Sunlight - known as “white light” - corresponds to a series of different lights that can be obtained through an optical prism. These lights are the colours of the rainbow and each of them has a different wavelength.
Our eyes can identify the wavelength corresponding to the colours red, orange, yellow, green, blue, indigo and violet. For example, the leaves of a tree absorb most of the light emitted by the sun, except one. This wavelength is reflected to our eyes and we identify it as being green. Thus the colours we see in daylight are reflected colours.
Fluorescence is not a reflection of ultra-violet lamp rays. Fluorescent colours come from the mineral itself. They depend on its physical structure and on its chemical composition.
When it reaches the mineral, the energy of the ultra-violet ray displaces electrons. This movement releases electric and magnetic energy and is characterized by a ray of light. The phenomenon is instantaneous.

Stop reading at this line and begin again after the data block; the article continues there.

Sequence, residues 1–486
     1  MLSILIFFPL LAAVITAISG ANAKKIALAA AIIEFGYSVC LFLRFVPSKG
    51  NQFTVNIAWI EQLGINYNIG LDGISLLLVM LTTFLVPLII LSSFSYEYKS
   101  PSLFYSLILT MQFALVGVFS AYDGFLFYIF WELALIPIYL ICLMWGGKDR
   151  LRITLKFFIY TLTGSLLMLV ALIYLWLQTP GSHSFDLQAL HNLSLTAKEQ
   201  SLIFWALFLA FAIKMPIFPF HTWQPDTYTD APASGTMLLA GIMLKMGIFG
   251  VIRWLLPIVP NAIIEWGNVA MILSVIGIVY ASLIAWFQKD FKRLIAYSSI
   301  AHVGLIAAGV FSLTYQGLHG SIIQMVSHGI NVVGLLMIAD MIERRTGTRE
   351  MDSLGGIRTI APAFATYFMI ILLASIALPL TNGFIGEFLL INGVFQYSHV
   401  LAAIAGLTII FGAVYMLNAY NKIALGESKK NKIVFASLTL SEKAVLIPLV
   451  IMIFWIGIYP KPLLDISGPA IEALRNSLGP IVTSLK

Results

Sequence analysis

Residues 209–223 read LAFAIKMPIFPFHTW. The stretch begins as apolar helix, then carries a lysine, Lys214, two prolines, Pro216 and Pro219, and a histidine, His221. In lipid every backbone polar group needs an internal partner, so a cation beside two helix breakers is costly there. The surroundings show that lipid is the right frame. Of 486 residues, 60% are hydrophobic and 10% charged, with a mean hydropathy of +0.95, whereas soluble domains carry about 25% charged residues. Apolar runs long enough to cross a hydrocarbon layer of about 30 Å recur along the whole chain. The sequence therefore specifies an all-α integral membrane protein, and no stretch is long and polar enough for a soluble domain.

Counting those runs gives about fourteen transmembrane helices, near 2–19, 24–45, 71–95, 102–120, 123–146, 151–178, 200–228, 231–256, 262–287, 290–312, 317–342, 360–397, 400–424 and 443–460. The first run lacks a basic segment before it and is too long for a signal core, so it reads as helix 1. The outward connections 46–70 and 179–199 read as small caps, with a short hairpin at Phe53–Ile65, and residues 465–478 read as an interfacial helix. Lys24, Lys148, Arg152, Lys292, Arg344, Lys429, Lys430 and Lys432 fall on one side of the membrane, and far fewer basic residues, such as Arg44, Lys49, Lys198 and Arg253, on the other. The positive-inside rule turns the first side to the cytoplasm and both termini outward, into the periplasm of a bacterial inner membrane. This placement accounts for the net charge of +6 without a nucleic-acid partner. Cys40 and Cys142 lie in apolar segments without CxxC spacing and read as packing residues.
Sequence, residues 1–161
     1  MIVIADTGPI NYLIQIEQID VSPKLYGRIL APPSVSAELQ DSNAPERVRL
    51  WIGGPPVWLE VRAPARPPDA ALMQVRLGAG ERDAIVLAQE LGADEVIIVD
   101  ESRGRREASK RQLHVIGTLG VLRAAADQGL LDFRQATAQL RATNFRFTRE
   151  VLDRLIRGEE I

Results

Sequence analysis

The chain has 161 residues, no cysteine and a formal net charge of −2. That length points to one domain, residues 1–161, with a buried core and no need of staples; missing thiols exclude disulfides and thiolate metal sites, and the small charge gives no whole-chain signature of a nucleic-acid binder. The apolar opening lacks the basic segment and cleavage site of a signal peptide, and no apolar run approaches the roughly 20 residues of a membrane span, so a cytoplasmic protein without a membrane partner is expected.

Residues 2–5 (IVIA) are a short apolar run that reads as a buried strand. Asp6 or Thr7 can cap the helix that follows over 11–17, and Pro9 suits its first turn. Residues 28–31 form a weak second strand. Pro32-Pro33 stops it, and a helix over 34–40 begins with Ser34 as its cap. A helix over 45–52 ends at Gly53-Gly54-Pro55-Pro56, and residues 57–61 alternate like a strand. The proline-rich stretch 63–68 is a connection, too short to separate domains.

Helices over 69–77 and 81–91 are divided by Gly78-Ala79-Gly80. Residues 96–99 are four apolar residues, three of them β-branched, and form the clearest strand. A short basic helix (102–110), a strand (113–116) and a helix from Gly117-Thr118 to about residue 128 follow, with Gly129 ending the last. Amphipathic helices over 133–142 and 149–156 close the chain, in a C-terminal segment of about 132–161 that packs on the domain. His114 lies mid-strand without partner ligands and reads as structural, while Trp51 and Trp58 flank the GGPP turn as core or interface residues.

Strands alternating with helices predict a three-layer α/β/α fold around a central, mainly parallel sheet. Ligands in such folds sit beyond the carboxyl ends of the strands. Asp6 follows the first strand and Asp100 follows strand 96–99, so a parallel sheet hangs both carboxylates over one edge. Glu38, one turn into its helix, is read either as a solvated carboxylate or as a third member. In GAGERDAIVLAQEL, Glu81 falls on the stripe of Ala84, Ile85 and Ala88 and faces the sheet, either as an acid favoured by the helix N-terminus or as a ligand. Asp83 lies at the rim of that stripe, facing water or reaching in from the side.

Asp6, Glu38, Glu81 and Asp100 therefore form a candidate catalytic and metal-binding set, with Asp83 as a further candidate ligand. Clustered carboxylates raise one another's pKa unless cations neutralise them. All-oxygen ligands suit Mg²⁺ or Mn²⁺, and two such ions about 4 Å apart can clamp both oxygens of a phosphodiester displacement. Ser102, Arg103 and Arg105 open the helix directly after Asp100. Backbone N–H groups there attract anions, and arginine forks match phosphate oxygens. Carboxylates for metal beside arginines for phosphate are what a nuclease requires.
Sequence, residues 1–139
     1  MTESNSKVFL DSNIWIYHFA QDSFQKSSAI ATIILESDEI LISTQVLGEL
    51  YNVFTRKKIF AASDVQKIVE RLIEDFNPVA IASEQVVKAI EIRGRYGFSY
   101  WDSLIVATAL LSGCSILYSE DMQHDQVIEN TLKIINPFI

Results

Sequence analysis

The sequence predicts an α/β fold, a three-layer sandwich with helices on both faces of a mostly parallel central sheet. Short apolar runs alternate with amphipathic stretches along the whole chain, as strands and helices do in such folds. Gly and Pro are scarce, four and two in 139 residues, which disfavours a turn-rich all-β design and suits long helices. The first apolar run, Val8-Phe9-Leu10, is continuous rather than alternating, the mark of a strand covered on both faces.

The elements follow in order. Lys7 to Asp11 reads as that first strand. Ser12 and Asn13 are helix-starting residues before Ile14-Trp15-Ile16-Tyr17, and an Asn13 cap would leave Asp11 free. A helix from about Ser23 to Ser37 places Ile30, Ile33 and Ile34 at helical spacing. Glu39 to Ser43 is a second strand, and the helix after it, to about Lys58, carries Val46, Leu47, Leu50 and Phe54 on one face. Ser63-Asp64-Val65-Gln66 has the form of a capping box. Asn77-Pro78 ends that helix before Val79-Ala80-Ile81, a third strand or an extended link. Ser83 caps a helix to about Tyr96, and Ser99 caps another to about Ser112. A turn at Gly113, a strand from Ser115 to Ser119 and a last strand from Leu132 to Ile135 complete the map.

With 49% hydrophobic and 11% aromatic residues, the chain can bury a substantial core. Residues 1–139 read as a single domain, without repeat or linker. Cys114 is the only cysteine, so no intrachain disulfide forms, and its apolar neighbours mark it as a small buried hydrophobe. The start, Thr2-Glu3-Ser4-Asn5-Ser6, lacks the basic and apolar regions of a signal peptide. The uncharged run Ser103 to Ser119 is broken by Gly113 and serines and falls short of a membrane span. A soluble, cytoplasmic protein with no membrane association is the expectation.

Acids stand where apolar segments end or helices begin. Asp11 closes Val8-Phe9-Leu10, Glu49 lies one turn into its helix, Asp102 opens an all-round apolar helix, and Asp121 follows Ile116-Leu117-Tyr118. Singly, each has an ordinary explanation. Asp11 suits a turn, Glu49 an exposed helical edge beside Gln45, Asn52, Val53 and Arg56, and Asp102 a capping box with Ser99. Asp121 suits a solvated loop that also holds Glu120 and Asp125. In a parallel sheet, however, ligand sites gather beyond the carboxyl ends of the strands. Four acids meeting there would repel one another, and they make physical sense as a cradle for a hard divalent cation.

Fluorescence is often due to the presence of impurities, known as activators, in the mineral. These activators, such as manganese, copper, lead, silver, uranium, rare earths and water molecules, produce different colours. Futhermore, the great majority of fluorescent minerals only react to a particular ultraviolet range. Fluorescence depends not only on the mineral itself, but also on the lamp used - long waves or short waves.